This is an interactive net of a Rubik's cube. Twists of the 3D cube become mixes of the squares on the 2D net. Have a play and see how many scrambles you can undo!

I found these clocks in the Arts Centre at the University of Warwick intriguing - do they really need four clocks and what times would be ambiguous with only two or three of them?

Jo made a cube from some smaller cubes, painted some of the faces of the large cube, and then took it apart again. 45 small cubes had no paint on them at all. How many small cubes did Jo use?

This task depends on groups working collaboratively, discussing and reasoning to agree a final product.

Two boats travel up and down a lake. Can you picture where they will cross if you know how fast each boat is travelling?

Discover a way to sum square numbers by building cuboids from small cubes. Can you picture how the sequence will grow?

Small circles nestle under touching parent circles when they sit on the axis at neighbouring points in a Farey sequence.

What can you see? What do you notice? What questions can you ask?

Can you recreate these designs? What are the basic units? What movement is required between each unit? Some elegant use of procedures will help - variables not essential.

A game for 2 people. Take turns joining two dots, until your opponent is unable to move.

An irregular tetrahedron has two opposite sides the same length a and the line joining their midpoints is perpendicular to these two edges and is of length b. What is the volume of the tetrahedron?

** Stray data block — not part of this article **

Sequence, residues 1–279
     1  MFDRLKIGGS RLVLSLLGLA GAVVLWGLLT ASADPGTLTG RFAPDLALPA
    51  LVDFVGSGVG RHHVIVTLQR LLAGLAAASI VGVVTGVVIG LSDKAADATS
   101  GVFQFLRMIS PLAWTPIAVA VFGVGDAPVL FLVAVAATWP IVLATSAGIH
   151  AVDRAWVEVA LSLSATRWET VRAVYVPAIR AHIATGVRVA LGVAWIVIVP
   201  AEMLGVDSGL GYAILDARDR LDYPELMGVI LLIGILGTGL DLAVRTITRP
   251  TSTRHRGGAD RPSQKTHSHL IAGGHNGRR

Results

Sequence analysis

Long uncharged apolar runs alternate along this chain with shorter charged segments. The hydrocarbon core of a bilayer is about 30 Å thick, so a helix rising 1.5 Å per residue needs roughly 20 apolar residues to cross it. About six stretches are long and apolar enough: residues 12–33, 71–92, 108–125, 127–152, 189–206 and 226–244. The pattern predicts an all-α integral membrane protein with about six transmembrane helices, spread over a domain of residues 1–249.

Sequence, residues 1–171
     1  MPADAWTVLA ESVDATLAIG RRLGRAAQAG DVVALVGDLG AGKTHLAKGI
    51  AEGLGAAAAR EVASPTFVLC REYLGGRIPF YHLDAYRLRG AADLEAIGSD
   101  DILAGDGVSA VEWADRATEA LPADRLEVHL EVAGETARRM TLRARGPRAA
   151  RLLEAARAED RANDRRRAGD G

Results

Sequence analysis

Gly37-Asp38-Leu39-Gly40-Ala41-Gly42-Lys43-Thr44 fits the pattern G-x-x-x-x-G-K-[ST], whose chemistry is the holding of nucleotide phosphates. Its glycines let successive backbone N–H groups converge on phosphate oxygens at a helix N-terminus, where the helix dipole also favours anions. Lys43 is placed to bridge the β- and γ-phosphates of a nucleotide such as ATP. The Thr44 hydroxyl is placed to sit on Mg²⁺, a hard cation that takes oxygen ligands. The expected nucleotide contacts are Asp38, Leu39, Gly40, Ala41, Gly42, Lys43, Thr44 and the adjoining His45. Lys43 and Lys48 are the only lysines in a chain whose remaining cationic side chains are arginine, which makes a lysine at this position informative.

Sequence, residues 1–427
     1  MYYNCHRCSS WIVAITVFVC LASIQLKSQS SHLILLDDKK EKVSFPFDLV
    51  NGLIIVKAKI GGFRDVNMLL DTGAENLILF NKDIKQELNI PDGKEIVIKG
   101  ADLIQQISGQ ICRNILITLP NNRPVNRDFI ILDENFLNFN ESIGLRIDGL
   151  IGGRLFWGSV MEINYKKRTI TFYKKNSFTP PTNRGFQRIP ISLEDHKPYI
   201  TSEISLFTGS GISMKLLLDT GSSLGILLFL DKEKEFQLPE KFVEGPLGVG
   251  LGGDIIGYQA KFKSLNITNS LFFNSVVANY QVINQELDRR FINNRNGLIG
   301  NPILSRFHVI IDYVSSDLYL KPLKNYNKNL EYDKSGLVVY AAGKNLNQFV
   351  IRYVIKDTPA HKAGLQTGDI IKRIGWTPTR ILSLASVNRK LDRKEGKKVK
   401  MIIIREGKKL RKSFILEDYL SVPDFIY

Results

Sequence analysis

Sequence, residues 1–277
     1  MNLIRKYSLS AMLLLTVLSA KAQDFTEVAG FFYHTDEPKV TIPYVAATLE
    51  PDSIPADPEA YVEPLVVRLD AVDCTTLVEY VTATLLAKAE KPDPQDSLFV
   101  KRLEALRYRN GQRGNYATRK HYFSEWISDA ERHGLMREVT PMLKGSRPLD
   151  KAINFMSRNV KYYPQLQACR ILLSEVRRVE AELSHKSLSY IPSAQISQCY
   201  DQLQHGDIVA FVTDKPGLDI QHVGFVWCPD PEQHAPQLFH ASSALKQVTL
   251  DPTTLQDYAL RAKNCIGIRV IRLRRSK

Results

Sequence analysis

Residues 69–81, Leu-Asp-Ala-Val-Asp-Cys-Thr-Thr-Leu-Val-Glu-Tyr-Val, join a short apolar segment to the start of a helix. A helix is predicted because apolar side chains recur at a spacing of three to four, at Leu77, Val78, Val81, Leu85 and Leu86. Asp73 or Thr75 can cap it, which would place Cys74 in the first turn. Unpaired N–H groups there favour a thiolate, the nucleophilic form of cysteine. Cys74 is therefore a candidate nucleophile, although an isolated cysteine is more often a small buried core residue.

There are 27 small cubes in a 3 x 3 x 3 cube, 54 faces being visible at any one time. Is it possible to reorganise these cubes so that by dipping the large cube into a pot of paint three times you. . . .

Place a red counter in the top left corner of a 4x4 array, which is covered by 14 other smaller counters, leaving a gap in the bottom right hand corner (HOME). What is the smallest number of moves. . . .

A square of area 3 square units cannot be drawn on a 2D grid so that each of its vertices have integer coordinates, but can it be drawn on a 3D grid? Investigate squares that can be drawn.

A box of size a cm by b cm by c cm is to be wrapped with a square piece of wrapping paper. Without cutting the paper what is the smallest square this can be?

On the 3D grid a strange (and deadly) animal is lurking. Using the tracking system can you locate this creature as quickly as possible?

This is a simple version of an ancient game played all over the world. It is also called Mancala. What tactics will increase your chances of winning?

The opposite vertices of a square have coordinates (a,b) and (c,d). What are the coordinates of the other vertices?

This article is based on some of the ideas that emerged during the production of a book which takes visualising as its focus. We began to identify problems which helped us to take a structured view. . . .

Can you make sense of the charts and diagrams that are created and used by sports competitors, trainers and statisticians?

Two intersecting circles have a common chord AB. The point C moves on the circumference of the circle C1. The straight lines CA and CB meet the circle C2 at E and F respectively. As the point C. . . .